First order of business, I have a correction to make: I had spoken incorrectly in my other post. The Jews had returned to their land, and they had settled, but not in Jerusalem. They left Jerusalem empty and ruined, until Nehemiah arrived on the scene and led the rebuilding of the wall. The wall was important. The wall brought boundaries. The wall kept them set apart, the wall upheld their Jewish identity. [Interestingly enough, even after they’d finished rebuilding the city’s wall, he had to resort to a lottery to repopulate the city because everyone had already settled in towns outside of it and they knew that living in a city was dangerous because the city could an easy target.]
Now on to the rest of the post!
I’ve been thinking a lot about the idea of remembering as I’ve been going through these Old Testament stories. A lot of them I’ve never really studied in depth before, and I never really had a clear idea of the timeline between Exodus and Malachi. So as I’m finishing up the last of the history-text in Nehemiah, I’ve been thinking, “Okay, great. I know what’s going on now. I got it, check. Moving on…”
But that’s not the point of this. If the point of these books were just so I can read them once, understand them, and move on, then they wouldn’t be here in my Bible. God put them here because He intended for them to be read over and over again. It’s hard for me to get that, and it’s hard to understand why we would need to reread something like Lamentations, poetry of grief about a moment that happened centuries and centuries before Christ. It’s beautiful poetry, and it’s a great literary and historical study, but it’s included in the Bible for more than those reasons alone. I’m not sure what the real reason is yet, but I know that God intended for us to remember these ancient moments immortalized in laments.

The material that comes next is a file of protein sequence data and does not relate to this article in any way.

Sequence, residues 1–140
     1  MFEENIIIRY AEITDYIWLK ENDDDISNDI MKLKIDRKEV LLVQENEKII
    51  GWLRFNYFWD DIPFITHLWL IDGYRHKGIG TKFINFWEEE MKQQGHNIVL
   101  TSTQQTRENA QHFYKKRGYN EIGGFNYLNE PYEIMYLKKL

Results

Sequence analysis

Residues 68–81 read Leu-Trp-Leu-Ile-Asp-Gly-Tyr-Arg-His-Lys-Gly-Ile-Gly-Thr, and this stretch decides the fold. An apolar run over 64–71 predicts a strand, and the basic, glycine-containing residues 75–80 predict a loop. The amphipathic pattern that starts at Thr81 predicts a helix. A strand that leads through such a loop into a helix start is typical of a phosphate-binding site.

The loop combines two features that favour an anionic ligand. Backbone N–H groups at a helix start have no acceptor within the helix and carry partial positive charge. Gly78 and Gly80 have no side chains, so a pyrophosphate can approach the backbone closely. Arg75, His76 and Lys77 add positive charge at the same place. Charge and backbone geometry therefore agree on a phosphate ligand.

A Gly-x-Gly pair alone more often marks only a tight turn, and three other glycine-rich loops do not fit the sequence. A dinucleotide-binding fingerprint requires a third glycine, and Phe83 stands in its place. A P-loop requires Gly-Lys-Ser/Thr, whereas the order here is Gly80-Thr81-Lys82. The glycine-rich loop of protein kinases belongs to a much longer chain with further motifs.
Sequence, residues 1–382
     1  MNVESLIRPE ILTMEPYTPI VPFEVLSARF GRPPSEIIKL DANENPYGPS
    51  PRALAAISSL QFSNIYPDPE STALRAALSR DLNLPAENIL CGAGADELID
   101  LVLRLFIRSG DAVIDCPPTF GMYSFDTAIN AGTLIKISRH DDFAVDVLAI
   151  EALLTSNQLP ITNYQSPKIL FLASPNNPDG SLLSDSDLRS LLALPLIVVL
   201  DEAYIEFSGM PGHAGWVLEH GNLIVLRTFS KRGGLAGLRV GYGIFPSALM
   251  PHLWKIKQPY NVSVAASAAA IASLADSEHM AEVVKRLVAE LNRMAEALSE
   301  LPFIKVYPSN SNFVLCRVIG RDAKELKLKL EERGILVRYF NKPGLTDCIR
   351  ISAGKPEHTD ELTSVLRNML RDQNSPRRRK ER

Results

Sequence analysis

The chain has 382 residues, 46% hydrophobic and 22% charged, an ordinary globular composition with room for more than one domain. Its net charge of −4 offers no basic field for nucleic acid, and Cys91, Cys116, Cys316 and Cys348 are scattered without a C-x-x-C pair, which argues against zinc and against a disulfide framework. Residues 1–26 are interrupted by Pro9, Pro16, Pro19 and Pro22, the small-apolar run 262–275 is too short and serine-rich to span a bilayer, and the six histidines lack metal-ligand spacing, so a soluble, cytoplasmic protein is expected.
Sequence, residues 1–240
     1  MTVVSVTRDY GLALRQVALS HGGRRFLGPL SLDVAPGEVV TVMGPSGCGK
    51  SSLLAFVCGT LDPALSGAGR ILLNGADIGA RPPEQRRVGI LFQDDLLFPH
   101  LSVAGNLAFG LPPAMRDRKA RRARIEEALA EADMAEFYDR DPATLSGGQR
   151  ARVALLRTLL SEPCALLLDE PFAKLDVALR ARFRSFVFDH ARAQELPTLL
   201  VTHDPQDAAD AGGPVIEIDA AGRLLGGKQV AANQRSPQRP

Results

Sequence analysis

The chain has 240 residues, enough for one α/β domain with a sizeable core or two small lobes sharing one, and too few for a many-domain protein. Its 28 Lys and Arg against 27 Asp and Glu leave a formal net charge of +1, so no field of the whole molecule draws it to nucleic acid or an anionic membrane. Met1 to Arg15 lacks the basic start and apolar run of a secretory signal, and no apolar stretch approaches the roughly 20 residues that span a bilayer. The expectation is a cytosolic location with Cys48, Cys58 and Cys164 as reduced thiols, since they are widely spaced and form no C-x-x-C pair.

In Nehemiah 9 and 10, the people rededicate themselves and their nation to God in a lengthy prayer. The prayer begins with Abram and ends with the return to Jerusalem, recording the people’s continuous rebellion and God’s continuous goodness. This happens a lot in the story of the Israelites: the people have to constantly remind themselves (and God has to remind them too) that their God is the One who brought them out of Egypt and led them into the promised land of their inheritance, the God who sustained them in the desert and gave them all good things. They read and reread the Law of Moses, they retell the stories through the ages.
I am so far removed from those stories. They happened thousands of years ago in a place thousands of miles away, for a people I have no ancestral connection to. But I am connected, through the blood-relation of the Savior. I have been grafted in and become a part of this chosen people. These stories are important to remember. These sins are important to remember, just as it is important to tell and retell how God had mercy upon a fallen and stiff-necked people. Thankfully, though, God also likes to remind His people that He brought them out of slavery, and He questions why they would continue to return to it. These stories are important.
And the stories of my Savior are important to remember too. I’ve noticed that I tend to shy away from rereading the Gospels, and I don’t know why. So my next journey will begin in Luke, to explore and remember how God responded to His people after four-hundred-odd years of Scriptural silence. Here is where the promises of Isaiah, Zechariah, Malachi, and the other prophets are being fulfilled. On the side, I’ll also try to read through 1 and 2 Chronicles, the same history and the same stories I’ve finished reading retold for the returning remnant of exiles.
Because it is important to remember, and these stories are in here to be read more than once. I want to meditate and absorb the Word of God, and I can’t do that without returning to the same stories again and again. Thanks for joining me in the journey. <3